Reflections: Ye Came Unto Me

(Reposted from my page)

After being arrested due to some very poor decisions that I had made, I was embarrassed, ashamed, and upset at myself. I had never felt so alone.  I had been an active member of the church, a loving husband and father. And now I was in jail.

I worried that my family and friends would abandon me and that I would never see them again.  I did not feel worthy of their love or support. I relied on prayer and the Holy Spirit with an intensity that I had never experienced before.  I wanted so desperately to feel that I was still important in God’s eyes. I was living in an environment that did not encourage the presence of the Spirit, but I pleaded to feel His comfort. 

I am grateful to say that Heavenly Father heard my prayers and provided ways for me to feel His presence and grow personally and spiritually. He did this through members of my family and church members  who were willing to minister to me while I was incarcerated. Jesus Christ said, “I was hungered, and ye gave me meat . . . I was sick, and ye visited me: I was in prison and ye came unto me.” (Matthew 25: 35-36)  Prior to these experiences, I had thought of ministering to the sick and the hungry, but had somewhat ignored the last part of Christ’s teachings. Thankfully, others did not ignore His words, and they found ways to minister to me.

Since this life changing event occurred, I have received many letters that arrived at just the right moment with just the right message.  In some of my lowest moments, when I was feeling new levels of despair, I received letters or conference talks from people who had said they felt an impression that they should write me or send me that particular talk. 

There were also members of the church that sent me items such as scriptures, books by LDS authors, and material from the church’s 12-step Addiction Recovery Program.  Every time I finished reading something, it seemed that I would receive something else in the mail that would build on what I had just read. 

Some people chose to minister to me in person and came to visit.  It is difficult to describe how much joy those visits bring me. While in Liberty Jail, the prophet Joseph Smith wrote, “No tongue can tell what inexpressible joy it gives a man, who has been enclosed within the walls of a prison, to see the face of one who has been a friend.” (Joseph Smith, Jr., Letter, Liberty, MO, to Presendia Huntington Buell, Clay Co., MO, 15 Mar. 1839 ;in JS, History, 1838–1856, vol. C-1, between pp. 897—898)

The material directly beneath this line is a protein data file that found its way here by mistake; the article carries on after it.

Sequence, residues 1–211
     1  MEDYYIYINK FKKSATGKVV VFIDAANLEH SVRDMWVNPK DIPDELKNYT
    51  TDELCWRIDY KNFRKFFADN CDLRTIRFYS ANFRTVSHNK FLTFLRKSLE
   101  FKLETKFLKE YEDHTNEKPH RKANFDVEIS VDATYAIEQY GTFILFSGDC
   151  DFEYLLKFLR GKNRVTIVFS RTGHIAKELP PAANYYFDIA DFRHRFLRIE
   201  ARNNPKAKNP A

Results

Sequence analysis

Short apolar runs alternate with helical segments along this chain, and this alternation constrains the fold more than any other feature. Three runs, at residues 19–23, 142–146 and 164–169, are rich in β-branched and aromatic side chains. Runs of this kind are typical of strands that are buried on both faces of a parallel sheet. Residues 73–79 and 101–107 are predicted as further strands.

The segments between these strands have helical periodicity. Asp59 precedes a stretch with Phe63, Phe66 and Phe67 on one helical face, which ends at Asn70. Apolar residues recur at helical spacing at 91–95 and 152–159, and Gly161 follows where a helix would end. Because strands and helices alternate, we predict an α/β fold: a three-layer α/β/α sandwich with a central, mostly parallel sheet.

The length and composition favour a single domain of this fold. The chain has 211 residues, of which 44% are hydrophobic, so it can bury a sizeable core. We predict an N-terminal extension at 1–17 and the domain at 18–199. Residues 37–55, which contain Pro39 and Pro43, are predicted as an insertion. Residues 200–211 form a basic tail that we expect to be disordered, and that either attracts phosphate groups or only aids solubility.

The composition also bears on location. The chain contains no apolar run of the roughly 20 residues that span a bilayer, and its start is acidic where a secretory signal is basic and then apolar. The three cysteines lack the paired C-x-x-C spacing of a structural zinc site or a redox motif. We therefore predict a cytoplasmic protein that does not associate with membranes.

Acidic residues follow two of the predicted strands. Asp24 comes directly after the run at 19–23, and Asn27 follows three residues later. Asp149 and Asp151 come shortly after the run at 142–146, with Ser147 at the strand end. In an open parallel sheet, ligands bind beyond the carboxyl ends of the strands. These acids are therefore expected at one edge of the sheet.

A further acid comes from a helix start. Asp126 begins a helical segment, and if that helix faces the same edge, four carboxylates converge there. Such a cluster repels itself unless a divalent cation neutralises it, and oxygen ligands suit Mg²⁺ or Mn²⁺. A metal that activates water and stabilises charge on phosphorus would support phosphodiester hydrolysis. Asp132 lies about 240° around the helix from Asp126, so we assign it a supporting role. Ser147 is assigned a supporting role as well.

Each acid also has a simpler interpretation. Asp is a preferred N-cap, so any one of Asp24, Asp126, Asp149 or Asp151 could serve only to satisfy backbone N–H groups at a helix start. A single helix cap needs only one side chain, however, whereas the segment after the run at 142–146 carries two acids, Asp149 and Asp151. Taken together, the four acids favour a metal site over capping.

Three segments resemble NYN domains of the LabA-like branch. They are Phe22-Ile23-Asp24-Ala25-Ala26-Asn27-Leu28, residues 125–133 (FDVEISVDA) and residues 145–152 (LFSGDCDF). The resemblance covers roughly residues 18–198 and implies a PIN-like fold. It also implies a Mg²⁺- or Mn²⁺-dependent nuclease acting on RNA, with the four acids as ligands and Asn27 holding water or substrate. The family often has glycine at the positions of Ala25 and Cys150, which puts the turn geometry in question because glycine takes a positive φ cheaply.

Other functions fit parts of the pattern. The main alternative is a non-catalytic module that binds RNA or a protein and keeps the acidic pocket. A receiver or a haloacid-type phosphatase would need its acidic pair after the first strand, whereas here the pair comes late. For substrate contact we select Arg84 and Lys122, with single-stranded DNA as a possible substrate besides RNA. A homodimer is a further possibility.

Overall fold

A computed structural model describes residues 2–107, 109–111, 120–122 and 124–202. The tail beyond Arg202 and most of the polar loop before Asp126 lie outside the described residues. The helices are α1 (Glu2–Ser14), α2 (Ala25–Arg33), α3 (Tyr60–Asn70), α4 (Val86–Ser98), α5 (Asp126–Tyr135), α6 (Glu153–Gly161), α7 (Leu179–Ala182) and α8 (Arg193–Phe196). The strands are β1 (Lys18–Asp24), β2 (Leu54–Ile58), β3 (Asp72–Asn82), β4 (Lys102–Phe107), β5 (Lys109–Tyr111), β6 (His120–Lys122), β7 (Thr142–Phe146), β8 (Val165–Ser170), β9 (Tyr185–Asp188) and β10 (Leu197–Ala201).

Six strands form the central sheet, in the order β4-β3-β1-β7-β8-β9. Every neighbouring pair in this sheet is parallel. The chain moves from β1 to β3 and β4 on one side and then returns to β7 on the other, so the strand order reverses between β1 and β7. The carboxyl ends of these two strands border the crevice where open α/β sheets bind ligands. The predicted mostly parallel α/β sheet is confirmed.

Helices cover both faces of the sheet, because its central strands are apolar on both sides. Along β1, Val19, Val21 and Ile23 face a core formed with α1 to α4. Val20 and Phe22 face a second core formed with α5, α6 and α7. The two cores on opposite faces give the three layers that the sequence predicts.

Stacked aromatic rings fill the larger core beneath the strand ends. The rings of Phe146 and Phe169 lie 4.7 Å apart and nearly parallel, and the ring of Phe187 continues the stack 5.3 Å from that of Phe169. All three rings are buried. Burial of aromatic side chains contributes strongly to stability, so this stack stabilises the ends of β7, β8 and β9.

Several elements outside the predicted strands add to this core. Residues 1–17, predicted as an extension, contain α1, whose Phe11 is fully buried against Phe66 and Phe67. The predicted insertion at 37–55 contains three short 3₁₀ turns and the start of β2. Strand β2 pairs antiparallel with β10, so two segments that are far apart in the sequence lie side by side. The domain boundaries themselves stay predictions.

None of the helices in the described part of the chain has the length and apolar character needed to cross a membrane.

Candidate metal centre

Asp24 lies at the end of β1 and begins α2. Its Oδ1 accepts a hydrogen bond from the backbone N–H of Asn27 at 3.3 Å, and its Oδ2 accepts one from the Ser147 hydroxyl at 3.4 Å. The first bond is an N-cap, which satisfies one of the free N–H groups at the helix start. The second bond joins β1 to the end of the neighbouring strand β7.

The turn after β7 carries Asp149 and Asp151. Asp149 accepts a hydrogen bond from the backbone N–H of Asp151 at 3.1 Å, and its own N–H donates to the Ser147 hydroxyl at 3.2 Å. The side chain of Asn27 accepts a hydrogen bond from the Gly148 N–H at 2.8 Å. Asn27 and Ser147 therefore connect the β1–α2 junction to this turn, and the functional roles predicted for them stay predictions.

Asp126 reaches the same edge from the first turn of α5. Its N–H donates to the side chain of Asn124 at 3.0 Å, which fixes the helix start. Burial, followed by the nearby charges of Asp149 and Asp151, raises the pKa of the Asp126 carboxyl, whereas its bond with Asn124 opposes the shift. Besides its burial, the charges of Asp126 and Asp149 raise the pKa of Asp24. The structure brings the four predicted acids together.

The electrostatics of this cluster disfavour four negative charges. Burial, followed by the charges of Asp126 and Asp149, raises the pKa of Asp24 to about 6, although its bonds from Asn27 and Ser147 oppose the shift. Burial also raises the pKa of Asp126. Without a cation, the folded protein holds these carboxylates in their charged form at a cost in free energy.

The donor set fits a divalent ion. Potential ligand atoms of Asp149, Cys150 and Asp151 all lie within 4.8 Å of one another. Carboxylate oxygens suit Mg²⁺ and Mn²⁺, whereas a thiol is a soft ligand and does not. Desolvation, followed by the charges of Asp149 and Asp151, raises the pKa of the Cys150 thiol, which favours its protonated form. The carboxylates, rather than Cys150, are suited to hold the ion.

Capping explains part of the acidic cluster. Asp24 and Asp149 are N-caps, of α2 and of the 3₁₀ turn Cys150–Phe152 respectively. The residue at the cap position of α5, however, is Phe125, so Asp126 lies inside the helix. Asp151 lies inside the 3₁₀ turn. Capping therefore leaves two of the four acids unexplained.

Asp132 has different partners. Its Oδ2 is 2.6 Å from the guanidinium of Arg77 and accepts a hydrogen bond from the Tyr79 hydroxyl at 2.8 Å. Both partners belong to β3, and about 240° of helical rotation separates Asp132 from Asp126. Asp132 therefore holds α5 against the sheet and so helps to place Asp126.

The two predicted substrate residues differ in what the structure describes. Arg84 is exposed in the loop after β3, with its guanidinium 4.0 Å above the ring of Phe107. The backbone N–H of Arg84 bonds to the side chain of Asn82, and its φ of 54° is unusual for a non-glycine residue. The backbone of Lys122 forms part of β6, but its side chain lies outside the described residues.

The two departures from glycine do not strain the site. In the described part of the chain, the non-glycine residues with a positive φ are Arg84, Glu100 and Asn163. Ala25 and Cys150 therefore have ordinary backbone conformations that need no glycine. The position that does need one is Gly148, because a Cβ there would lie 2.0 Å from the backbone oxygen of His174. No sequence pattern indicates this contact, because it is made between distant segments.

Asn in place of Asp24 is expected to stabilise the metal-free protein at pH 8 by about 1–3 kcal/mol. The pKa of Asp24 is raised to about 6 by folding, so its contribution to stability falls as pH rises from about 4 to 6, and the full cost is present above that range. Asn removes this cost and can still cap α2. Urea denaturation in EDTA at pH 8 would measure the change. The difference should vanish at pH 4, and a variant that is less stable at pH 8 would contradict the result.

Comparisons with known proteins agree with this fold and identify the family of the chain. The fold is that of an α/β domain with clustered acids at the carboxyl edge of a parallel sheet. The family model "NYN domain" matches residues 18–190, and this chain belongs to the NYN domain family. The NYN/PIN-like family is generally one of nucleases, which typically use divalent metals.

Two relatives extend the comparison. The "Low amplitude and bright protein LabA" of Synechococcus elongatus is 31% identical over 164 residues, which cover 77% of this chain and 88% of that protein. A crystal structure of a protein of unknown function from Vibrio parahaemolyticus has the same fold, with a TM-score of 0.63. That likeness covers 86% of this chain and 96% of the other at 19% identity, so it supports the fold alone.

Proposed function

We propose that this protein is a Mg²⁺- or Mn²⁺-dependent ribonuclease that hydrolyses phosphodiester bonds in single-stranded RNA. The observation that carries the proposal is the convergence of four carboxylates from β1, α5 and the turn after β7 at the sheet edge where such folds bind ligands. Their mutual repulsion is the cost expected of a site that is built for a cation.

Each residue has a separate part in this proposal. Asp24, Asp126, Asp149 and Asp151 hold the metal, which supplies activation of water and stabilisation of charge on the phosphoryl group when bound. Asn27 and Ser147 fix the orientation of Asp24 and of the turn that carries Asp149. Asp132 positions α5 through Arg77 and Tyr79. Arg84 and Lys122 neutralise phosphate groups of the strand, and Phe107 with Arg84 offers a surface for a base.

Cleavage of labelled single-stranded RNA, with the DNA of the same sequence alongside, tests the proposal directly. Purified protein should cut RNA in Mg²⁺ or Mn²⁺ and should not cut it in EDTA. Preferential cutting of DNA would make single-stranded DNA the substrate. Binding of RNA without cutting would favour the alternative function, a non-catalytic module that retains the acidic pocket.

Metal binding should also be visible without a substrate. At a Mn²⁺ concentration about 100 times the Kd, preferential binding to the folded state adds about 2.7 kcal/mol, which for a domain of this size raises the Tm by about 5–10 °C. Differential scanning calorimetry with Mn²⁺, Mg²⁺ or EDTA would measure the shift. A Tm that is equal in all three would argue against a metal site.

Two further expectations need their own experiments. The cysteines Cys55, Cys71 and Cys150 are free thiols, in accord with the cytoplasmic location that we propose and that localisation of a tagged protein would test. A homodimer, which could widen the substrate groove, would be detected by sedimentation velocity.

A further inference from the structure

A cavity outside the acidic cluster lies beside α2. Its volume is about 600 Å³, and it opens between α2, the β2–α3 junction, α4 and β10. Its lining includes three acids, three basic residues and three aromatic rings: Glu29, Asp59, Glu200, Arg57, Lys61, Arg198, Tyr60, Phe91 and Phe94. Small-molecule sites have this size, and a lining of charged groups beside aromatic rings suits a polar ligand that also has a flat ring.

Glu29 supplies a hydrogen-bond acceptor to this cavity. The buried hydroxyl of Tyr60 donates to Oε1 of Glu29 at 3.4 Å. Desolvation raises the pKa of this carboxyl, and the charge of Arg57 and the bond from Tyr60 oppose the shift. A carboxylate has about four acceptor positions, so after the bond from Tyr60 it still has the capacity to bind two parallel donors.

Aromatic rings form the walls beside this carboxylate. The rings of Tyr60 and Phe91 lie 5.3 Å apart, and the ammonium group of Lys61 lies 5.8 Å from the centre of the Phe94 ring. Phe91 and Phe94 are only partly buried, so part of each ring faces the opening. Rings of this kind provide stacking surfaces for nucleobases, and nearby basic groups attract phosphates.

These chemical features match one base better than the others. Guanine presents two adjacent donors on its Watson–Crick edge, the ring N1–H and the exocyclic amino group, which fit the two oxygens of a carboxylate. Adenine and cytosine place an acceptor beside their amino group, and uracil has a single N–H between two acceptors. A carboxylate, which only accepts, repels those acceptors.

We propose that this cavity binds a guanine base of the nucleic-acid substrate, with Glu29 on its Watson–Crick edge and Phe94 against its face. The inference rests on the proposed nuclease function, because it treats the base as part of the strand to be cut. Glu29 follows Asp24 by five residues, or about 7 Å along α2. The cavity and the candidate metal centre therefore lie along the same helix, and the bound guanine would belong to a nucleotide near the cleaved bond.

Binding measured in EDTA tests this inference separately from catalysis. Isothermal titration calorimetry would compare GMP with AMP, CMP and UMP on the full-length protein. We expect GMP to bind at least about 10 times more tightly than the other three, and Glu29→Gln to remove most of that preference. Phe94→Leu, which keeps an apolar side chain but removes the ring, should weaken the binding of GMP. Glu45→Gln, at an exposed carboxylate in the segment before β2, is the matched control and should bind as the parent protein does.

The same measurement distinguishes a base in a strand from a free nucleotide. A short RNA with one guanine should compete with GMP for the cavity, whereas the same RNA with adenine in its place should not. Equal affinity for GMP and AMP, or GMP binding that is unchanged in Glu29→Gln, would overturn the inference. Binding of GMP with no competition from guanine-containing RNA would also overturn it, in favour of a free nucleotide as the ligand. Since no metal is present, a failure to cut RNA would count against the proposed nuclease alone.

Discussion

I received visits from members of wards I had not lived in for years, including some of my past Bishops.  These people weren’t “assigned” to me, they simply followed the spiritual impressions they received. Many people later expressed that they had been nervous at first and unsure of what to write or say.  Fortunately they pushed through those uncomfortable feelings and allowed themselves to be led by the Spirit. There really was no “wrong” thing to say to me.

The blessings that have come into my life because of these ministering brothers and sisters cannot be numbered.  I know that God loves me and I am His son. I know that I can repent and make the necessary changes in my life. I have learned that the atonement applies to me, and I can be forgiven for my sins.  The service that those ministers give to me has allowed me to be in a place spiritually where I am now able to minister to others while serving my time in prison. 

It is important to point out that by ministering to me, there were also things they were NOT doing.  By ministering to me, people were not condoning my actions or approving of the illegal behaviors I had done.  They were not turning their backs on any victims of my crimes. They were simply ministering in the way that Christ wanted them to.